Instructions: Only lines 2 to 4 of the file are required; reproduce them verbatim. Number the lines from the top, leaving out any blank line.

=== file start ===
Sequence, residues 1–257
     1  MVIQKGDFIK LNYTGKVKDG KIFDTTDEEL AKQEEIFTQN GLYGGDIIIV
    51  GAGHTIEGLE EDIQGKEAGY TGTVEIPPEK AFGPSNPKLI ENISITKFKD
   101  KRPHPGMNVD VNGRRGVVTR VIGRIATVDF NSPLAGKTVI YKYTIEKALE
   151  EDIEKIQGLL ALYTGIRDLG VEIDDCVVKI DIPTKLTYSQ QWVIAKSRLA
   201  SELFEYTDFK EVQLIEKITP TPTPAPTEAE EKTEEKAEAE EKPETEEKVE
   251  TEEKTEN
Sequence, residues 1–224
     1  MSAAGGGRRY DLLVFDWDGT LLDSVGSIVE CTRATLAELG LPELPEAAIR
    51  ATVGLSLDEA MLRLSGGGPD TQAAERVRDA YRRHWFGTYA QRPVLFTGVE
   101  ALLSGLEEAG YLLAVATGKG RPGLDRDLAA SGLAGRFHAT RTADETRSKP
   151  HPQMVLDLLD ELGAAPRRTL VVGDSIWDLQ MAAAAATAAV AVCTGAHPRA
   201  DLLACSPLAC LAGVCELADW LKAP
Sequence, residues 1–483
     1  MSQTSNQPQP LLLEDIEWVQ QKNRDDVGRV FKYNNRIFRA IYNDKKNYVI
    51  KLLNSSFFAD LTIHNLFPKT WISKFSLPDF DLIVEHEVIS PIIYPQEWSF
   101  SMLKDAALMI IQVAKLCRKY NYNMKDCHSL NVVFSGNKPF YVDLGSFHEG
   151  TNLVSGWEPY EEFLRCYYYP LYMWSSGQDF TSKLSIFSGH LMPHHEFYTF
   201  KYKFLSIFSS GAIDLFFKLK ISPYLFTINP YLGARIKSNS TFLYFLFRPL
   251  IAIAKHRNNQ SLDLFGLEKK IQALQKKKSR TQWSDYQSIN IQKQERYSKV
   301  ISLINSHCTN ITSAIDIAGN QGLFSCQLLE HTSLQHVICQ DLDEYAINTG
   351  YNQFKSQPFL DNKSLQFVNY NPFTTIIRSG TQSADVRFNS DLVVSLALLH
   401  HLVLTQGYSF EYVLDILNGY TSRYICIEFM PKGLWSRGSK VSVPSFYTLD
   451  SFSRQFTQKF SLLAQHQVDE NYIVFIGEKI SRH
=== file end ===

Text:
     1  MVIQKGDFIK LNYTGKVKDG KIFDTTDEEL AKQEEIFTQN GLYGGDIIIV
    51  GAGHTIEGLE EDIQGKEAGY TGTVEIPPEK AFGPSNPKLI ENISITKFKD
   101  KRPHPGMNVD VNGRRGVVTR VIGRIATVDF NSPLAGKTVI YKYTIEKALE